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Star Trek: The Cage


It was billed as the first-time-ever public screening of Star Trek's original pilot: although it wasn't (Star Trek conventions have shown it for a decade), Trekkies, TV buffs, and reporters gathered at New York's Museum of Broadcasting in August to watch the show and hear Trek creator Gene Roddenberry expound on the whys and wherefores of the pilot and the series.

The show was commissioned by NBC and filmed in 1964 after Roddenberry, a successful TV writer and producer, had sold the network on the idea of an action-adventure series set in space. Jeffrey Hunter, whom Roddenberry had seen in King of Kings as Jesus Christ, was cast as the somber Capt. Pike, while Leonard Nimoy played Mr. Spock, the alien with the pointed ears. The network was disappointed by the show, calling it "too cerebral," but impressed enough with the special effects and concept to ask for a second pilot. This one starred William Shatner as Capt. Kirk and was more action-oriented. ("We even had a fist fight in the end," noted Roddenberry.) Star Trek was born.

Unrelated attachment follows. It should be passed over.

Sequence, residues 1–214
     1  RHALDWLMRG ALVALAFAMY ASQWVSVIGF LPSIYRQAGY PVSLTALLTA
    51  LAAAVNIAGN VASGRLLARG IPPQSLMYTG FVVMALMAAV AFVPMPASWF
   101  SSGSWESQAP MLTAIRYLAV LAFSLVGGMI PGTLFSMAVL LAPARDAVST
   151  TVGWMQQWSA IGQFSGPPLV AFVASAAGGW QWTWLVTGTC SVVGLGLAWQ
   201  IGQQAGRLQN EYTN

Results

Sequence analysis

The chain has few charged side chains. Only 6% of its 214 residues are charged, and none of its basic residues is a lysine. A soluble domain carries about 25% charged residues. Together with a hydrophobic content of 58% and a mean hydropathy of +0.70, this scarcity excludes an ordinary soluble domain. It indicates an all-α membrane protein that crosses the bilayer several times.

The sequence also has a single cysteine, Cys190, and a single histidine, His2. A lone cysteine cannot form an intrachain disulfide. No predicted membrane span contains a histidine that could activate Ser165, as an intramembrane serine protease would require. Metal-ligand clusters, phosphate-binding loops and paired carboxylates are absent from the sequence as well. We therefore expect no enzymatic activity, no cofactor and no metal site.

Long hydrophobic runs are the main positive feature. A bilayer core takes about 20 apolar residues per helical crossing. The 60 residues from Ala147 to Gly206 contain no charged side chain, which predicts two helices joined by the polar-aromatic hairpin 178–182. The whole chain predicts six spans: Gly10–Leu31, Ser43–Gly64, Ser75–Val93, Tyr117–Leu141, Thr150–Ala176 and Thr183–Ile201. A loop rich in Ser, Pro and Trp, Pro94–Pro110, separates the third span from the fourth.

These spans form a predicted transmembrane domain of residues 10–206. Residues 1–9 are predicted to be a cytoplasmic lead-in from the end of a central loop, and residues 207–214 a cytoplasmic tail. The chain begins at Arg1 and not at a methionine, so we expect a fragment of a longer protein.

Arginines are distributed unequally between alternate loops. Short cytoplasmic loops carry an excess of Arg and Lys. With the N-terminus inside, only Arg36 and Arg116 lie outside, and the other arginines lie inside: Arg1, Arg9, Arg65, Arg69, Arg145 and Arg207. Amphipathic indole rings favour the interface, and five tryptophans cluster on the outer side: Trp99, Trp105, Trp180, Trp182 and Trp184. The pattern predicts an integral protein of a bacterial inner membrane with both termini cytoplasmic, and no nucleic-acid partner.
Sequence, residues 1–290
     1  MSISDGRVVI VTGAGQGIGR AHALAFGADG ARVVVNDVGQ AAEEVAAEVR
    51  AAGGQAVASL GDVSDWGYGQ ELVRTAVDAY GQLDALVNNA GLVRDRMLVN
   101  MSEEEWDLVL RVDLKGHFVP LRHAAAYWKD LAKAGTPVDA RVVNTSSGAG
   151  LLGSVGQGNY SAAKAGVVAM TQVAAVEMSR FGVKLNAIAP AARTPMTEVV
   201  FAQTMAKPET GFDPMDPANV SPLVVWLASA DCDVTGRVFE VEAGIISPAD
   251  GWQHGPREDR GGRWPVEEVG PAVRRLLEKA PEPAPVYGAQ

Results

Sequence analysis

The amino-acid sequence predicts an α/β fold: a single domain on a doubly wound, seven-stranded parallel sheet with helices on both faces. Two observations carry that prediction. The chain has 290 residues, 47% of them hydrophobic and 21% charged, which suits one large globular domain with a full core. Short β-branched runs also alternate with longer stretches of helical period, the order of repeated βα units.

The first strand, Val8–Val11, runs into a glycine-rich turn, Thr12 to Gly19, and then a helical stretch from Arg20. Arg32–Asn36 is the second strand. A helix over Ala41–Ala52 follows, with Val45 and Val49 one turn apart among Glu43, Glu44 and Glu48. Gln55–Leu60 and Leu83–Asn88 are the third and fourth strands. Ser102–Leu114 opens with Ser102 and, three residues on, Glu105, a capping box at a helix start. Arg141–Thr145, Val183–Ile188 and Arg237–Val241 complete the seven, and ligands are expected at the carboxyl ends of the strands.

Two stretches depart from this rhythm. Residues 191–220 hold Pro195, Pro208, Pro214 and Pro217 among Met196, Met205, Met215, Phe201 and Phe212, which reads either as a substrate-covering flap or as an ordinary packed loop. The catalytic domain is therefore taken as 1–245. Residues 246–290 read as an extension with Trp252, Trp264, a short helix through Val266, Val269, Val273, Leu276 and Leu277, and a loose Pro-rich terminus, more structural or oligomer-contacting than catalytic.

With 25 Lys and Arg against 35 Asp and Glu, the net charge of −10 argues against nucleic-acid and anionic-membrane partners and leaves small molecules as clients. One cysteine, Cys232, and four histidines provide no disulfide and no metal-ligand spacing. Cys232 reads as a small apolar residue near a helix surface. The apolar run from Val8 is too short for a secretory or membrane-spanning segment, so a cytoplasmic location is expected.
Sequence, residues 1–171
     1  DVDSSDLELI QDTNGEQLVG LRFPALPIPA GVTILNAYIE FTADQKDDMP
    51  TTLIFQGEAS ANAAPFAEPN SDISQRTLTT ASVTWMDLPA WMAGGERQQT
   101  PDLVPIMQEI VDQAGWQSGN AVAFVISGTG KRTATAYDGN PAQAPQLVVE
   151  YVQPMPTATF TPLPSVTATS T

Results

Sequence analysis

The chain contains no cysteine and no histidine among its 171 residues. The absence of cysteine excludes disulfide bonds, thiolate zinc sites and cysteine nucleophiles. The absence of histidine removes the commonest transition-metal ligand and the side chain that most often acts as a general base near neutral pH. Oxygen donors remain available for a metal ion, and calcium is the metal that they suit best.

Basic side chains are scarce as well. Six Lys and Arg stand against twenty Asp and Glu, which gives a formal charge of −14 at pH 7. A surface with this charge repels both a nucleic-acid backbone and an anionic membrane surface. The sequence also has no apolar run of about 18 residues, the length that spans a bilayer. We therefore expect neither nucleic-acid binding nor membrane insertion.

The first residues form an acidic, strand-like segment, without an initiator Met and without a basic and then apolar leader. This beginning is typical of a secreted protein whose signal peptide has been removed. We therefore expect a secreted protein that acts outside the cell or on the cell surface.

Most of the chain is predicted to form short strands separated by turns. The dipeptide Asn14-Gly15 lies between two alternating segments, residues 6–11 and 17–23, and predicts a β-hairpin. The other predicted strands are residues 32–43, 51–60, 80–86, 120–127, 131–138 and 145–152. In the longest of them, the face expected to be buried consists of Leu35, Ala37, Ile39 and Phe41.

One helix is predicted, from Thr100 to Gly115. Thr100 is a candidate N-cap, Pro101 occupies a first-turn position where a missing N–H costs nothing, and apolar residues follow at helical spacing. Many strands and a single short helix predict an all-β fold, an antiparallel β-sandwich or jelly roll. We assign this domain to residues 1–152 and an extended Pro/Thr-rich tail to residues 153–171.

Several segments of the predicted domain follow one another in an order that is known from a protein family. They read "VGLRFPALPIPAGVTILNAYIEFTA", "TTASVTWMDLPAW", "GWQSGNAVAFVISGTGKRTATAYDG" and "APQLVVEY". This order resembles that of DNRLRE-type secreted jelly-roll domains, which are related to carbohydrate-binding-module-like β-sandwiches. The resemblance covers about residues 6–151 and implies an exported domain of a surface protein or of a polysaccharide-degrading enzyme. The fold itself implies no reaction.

The Cage, however, had cost NBC a lot of money. When pressed by budgets and deadlines during the run of the series, Roddenberry incorporated the bulk of the footage into a two-part episode, The Menagerie. Rather than make a duplicate print of The Cage, though, cost-conscious technicians chopped up the only copy, snipping out the scenes they needed.

When Paramount went to release the first pilot on videocassette earlier this year, it discovered the only complete copy was a black and white version owned by Roddenberry. Undaunted, the company mixed color footage used in The Menagerie with the missing monochrome scenes to create the composite they are issuing, (Roddenberry refused to colorize the B&W material, saying that colorization "looks fake.")

The Cage is a fascinating experience for fans, adding texture to familiar scenes from The Menagerie, Although only about 10 minutes has been added back, the restored bits include the opening credits, a silly traveling-through space sequence, and a line that apparently upset NBC censors. When Pike remarks on guest star Susan Oliver's outfit, she replies: "Well, I have to wear something" –pause, suggestively – "don't I?”